The Story Of My Very First Real Estate Investment – From Foreclosure To Performing Note


my first investment property - for sale by owner

Back in 2006 I purchased my very first real estate investment.   It took about a year and half of reading all about real estate investing before I finally pulled the trigger on this first investment.  This was by far one of the scariest life decisions I made.  I did not have a mentor to show me the ropes.  I was scared to invest.  I had no help whatsoever with this other than the realtor I had found who specialized in working with investors.   He helped guide me through the process but I took everything he said with a grain of salt knowing he was in it to make a sale.   My original intention was to flip this house because all the reading material I had read was purely on flipping houses.   It was just a matter of finding the right house and jumping in head first.

From what I recall, I spent about a month and half searching the MLS looking for potential properties not able to find one with decent numbers.  My realtor sent me a possible candidate that was in a suburb of my local city.  It was a foreclosure listed for 80k.   I was also sent similar MLS comparisons for this neighborhood  that were all in the 100k range.  So immediately there was 20k in equity in this house which I sounded like a good deal to me.  We went to view the house and was surprised to see the house was in great condition.   It was a little dirty but that was it.   It was a fairly newly built house and I did not see any damage anywhere in that house inside or out.   I was very happy to see this and decided to submit an offer.  We submitted the offer at list price 80k and it was accepted. Wow! I thought, I am going to be a real estate investor. Whooohooo!

Luckily, because of when I bought this house back in 2006 before the real estate meltdown I was able to get 100% financing on this investment property.  The rate was quite high at 7.5% however I was able to roll in the closing costs and literally had not put any money down into this purchase.  After the closing, I cleaned the whole house myself in and out and was ready to turn around and sell it for $100k.  I was fairly naive about selling a house and was not aware of all the fees that come with selling a house.  My realtor shined the light on me and explained how I would pay 6% realtor fees and have to pay short-term capital tax gains.   After running these numbers this deal was not looking so good.  I was a little bit heart-broken from it but over all knew I could still make a tiny bit of profit and the learning experience was tremendous.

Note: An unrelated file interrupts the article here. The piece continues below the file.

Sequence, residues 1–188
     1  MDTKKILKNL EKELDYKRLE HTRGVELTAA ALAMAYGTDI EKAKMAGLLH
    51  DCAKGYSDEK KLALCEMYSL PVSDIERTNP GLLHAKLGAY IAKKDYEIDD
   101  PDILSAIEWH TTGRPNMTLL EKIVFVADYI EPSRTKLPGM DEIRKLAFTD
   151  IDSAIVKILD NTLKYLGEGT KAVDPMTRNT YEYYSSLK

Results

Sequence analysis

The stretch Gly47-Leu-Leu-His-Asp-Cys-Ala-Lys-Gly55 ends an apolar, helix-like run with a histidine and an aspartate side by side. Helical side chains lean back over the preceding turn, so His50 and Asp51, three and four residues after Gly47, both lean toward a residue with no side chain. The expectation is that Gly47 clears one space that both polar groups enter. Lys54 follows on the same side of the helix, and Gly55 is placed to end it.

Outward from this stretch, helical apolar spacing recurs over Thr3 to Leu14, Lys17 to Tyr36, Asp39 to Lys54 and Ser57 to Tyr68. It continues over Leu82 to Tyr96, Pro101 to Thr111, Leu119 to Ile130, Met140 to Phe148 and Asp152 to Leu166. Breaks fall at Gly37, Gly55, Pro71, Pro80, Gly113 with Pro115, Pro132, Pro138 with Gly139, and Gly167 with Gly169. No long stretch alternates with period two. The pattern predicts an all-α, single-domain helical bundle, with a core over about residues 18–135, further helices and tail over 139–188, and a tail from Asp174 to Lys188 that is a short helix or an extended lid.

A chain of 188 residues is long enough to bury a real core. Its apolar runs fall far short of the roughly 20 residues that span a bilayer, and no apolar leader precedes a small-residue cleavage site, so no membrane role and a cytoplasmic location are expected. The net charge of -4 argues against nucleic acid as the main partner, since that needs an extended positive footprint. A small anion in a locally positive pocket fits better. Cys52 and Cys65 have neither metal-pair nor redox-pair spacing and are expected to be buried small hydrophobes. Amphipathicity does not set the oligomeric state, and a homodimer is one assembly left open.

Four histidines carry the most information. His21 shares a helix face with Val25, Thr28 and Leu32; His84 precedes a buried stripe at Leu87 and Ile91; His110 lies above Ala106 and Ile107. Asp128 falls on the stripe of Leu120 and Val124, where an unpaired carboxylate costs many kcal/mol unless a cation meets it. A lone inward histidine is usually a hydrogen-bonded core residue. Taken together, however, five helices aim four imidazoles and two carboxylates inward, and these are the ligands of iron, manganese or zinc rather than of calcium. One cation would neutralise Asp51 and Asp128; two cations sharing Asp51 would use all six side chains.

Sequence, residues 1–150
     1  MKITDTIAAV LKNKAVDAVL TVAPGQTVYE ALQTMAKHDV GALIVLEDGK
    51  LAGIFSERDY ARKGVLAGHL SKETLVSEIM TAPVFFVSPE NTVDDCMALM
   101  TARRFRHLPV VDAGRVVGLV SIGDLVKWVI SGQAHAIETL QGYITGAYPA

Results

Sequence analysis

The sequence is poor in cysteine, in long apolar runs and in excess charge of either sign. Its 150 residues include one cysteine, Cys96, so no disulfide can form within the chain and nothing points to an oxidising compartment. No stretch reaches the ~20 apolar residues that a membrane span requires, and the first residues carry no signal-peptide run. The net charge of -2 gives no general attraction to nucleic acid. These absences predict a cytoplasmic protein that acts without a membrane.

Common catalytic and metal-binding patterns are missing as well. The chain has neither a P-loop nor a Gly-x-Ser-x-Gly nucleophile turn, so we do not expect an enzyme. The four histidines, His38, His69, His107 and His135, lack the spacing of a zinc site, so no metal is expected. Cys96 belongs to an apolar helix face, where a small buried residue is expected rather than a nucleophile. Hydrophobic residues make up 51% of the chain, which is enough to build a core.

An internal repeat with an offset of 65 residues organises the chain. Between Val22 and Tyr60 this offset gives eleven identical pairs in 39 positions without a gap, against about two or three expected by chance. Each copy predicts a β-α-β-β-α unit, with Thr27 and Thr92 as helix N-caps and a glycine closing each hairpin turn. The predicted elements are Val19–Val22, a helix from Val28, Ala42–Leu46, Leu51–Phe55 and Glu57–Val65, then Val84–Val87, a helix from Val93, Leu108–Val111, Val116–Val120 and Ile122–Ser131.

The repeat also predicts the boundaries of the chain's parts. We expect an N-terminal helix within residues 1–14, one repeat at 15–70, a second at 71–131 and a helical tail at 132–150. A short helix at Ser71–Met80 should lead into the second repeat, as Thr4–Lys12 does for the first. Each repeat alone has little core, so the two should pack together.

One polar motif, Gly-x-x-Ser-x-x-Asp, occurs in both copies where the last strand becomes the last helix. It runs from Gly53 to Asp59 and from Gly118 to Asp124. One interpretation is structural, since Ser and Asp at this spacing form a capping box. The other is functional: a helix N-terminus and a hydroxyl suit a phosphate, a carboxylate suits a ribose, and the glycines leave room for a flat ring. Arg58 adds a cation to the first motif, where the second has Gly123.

I was however determined to find another way in which I started reading all about selling via owner finance.   I had a mortgage on this house so what I was really reading about was called a wrap around mortgage in which the seller sells the house via owner finance while retaining the original mortgage.   So the new buyer pays you (the lender) the new mortgage amount, then you use part of the proceeds from that payment to pay your underlying mortgage.   As long as you both make the payments on time, there should be no problem.  The reason why this sounded so good to me was because there were no realtor fees involved.   I could profit more from the owner finance because of the monthly cash flow.